In 2012, President Barack Obama made a presidential proclamation recognizing September as Childhood Cancer Awareness Month.
Childhood Cancer Awareness month was created to not only educate people on the types of cancer that affect children but was also made to help raise funds for the families suffering from the disease, and to help research facilities.
According to, approximately 15,300 kids are diagnosed with cancer every year. That averages out to roughly 43 children a day.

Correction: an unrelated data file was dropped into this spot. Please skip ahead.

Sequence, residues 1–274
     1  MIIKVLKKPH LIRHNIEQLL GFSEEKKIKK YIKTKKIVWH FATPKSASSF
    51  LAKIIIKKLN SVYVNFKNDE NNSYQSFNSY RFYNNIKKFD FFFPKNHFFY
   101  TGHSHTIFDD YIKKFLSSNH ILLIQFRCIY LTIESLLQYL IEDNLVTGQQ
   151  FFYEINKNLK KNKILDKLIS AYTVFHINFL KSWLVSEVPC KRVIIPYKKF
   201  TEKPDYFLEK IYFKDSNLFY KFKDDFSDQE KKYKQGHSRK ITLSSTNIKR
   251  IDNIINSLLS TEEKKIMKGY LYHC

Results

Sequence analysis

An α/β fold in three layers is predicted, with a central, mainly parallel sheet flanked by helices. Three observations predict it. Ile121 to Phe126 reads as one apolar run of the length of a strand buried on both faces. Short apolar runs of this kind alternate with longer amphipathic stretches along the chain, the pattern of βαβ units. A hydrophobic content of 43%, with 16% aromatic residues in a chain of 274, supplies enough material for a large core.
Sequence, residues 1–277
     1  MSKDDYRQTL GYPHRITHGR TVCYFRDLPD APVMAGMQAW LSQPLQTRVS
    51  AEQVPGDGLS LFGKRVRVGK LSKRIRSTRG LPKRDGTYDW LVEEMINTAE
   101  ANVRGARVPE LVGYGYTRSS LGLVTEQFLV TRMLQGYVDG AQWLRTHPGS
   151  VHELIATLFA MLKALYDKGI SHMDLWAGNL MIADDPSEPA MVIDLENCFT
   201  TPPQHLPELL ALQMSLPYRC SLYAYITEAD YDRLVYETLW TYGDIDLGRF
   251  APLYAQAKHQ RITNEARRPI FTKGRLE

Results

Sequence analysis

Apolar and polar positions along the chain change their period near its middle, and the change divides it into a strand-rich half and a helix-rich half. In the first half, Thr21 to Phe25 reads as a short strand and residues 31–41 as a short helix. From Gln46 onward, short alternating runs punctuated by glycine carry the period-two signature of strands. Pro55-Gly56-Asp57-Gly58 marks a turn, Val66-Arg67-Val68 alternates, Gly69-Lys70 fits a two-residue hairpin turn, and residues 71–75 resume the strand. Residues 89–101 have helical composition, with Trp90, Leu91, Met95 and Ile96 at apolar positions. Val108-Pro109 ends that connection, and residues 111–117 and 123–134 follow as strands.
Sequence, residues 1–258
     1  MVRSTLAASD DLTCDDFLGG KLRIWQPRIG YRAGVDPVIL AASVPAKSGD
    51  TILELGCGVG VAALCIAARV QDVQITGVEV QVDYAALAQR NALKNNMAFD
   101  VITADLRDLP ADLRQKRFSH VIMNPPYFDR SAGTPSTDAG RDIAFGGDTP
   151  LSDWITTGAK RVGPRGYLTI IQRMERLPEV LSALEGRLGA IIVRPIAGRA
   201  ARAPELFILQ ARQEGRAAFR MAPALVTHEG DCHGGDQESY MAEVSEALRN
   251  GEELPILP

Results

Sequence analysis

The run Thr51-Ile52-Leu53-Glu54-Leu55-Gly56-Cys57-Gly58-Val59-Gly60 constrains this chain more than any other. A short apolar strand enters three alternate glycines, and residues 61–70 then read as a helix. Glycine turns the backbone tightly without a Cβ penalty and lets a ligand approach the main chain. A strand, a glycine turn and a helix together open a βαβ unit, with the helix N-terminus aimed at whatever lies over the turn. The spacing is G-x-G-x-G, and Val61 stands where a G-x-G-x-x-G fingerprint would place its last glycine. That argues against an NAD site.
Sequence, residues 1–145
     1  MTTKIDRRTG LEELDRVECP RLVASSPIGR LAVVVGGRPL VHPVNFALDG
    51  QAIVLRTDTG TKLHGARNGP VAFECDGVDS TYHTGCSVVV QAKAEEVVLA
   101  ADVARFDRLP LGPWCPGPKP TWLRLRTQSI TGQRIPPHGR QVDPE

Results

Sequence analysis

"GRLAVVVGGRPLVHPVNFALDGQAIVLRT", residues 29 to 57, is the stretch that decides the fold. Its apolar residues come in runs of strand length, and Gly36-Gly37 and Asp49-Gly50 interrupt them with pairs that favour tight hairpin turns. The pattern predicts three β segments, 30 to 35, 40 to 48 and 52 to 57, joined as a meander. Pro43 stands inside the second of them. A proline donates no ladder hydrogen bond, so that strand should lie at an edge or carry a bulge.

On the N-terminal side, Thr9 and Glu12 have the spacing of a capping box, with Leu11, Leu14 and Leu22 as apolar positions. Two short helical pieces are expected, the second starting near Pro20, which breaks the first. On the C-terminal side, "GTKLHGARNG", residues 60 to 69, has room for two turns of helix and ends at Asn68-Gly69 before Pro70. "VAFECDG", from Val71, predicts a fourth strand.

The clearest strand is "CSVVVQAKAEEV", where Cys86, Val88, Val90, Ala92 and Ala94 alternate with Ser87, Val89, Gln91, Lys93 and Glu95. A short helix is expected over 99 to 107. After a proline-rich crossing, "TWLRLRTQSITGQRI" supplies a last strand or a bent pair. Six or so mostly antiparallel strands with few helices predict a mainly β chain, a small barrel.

Around 25% of children diagnosed with cancer will not survive the disease.
Only 4 cancer treatments have been approved for children in the last 20 years. Children’s cancer can’t be treated exactly like adult cancers, as the treatments can be toxic, affecting a child’s development and can be decades old. Currently, most of the federal funding for cancer research is used for adult cancer treatment.
There are approximately 375,000 adult survivors of children’s cancer in the United States. Many of those survivors have lifelong damage to their organs, mental health and more. 60% of survivors also deal with infertility, heart failure, and secondary cancers.
Wearing gold ribbons, clothing, or decorating in gold is the simplest way to show your support for Childhood Cancer Awareness.
To learn more or get involved in the fight, go to .